Power: Leaders In South Sudan Disengaged Despite Crisis

NPR's Linda Wertheimer talks to U.S. Ambassador to the United Nations Samantha Power about her recent trip to South Sudan.

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LINDA WERTHEIMER, HOST:

There are so many conflicts happening here and around the world that it is easy to lose sight of the incredibly brutal war in South Sudan. At the end of this past week, fighting broke out again in Africa's newest country. More than a million people have fled their homes in the last six months. And now much of South Sudan has missed the growing season because of that displacement. Leaders are now talking about famine there.

Samantha Power, the United States Ambassador to the United Nations, has just returned from a trip to South Sudan, and she is with us from the UN Mission in New York. Thank you very much for taking this time with us.

AMBASSADOR SAMANTHA POWER: Thank you for having me.

WERTHEIMER: Now you said on Twitter on Friday that you are sadly not shocked by the new violence in South Sudan. Could you tell us why? Presumably you're basing that on what you saw this past week?

POWER: Indeed. I traveled to South Sudan with the entire UN Security Council which doesn't happen very often. And what we found in engagements with the president of South Sudan, his cabinet and with Riek Machar, the former vice president who broke away, is a detachment and far more passivity than is needed when the country is facing a famine and a massively destructive war.

WERTHEIMER: Detachment - what do you mean by detachment?

POWER: Just a sense that it was someone else's problem. Blame the opposition if you're the government. Blame the government if you're the opposition. And lose sight of the fact that before December of just last year, these leaders were operating together to bring the country to independence in the first place three years ago and to govern the country.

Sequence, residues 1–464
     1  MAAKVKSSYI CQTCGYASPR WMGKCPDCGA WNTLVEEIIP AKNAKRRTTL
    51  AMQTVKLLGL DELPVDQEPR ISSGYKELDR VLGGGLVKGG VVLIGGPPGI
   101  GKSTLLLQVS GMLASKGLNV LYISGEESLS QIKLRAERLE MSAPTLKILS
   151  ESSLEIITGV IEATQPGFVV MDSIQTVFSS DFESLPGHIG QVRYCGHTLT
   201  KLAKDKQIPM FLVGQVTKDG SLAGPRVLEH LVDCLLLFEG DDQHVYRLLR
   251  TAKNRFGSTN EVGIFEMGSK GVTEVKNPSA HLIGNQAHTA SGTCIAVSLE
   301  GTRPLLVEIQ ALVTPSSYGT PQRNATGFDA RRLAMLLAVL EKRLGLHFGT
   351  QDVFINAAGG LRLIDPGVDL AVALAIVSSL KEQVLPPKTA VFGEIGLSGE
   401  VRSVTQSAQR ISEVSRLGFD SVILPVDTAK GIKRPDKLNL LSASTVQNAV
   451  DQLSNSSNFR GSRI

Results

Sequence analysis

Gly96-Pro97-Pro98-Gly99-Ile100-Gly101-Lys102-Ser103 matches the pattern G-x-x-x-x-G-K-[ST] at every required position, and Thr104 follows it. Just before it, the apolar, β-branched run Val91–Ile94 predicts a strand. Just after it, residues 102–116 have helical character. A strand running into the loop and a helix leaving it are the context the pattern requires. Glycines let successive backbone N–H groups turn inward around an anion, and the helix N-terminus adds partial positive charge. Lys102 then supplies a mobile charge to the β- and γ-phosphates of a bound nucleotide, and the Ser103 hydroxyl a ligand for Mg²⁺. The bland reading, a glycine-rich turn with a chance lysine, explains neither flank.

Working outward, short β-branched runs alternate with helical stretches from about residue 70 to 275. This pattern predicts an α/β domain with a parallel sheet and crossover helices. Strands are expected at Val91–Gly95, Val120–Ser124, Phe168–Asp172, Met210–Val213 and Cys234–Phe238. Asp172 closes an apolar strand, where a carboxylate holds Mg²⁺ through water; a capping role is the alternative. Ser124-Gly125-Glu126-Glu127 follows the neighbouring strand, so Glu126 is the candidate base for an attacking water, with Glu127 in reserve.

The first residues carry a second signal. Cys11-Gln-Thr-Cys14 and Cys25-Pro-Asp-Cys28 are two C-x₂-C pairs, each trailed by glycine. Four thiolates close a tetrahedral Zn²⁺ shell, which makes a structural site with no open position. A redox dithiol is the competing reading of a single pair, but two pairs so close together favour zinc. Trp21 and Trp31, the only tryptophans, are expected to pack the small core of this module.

But all of that is forgotten and in the polarization that happens when conflict starts. They're much more focused on he said she said and who did what and who started what then actually doing what is required to put together a transitional government to get through this crisis and begin the long process of reconciliation.

WERTHEIMER: Now you met with the president of South Sudan, Salva Kiir Mayardit, who, I gather, likes to appear in a big cowboy hat like the one given to him by former President George Bush. What was your message to the president?

POWER: The message is famine is looming. People are being killed in the countryside largely on ethnic grounds. The Security Council and most of the international community has lost patience. You have got to make compromises in the regional negotiations that are being led by Ethiopia, Kenya and others. And if you don't, there will be consequences.

WERTHEIMER: What kinds of consequences are you talking about?

POWER: Well, the United States has already imposed targeted sanctions on a couple individuals so far who were involved in committing gross violations of human rights and spoiling the path back to peace. We made it very clear that that is just the beginning and that more sanctions can be imposed on leaders close to President Kiir and on leaders close to Riek Machar and on the leaders themselves.